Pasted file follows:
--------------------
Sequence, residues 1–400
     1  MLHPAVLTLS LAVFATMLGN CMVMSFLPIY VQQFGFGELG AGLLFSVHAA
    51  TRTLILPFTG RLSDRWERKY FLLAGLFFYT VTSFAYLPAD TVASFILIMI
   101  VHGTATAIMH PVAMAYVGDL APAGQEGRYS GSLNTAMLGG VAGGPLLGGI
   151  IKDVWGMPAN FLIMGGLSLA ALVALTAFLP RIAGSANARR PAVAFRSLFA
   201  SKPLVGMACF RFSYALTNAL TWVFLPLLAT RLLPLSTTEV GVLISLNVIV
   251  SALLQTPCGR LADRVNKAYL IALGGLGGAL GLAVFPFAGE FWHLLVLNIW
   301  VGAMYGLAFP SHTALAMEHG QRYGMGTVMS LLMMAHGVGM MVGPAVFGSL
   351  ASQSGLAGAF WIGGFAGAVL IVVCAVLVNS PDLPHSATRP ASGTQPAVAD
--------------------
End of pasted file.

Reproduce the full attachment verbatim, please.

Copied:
Sequence, residues 1–400
     1  MLHPAVLTLS LAVFATMLGN CMVMSFLPIY VQQFGFGELG AGLLFSVHAA
    51  TRTLILPFTG RLSDRWERKY FLLAGLFFYT VTSFAYLPAD TVASFILIMI
   101  VHGTATAIMH PVAMAYVGDL APAGQEGRYS GSLNTAMLGG VAGGPLLGGI
   151  IKDVWGMPAN FLIMGGLSLA ALVALTAFLP RIAGSANARR PAVAFRSLFA
   201  SKPLVGMACF RFSYALTNAL TWVFLPLLAT RLLPLSTTEV GVLISLNVIV
   251  SALLQTPCGR LADRVNKAYL IALGGLGGAL GLAVFPFAGE FWHLLVLNIW
   301  VGAMYGLAFP SHTALAMEHG QRYGMGTVMS LLMMAHGVGM MVGPAVFGSL
   351  ASQSGLAGAF WIGGFAGAVL IVVCAVLVNS PDLPHSATRP ASGTQPAVAD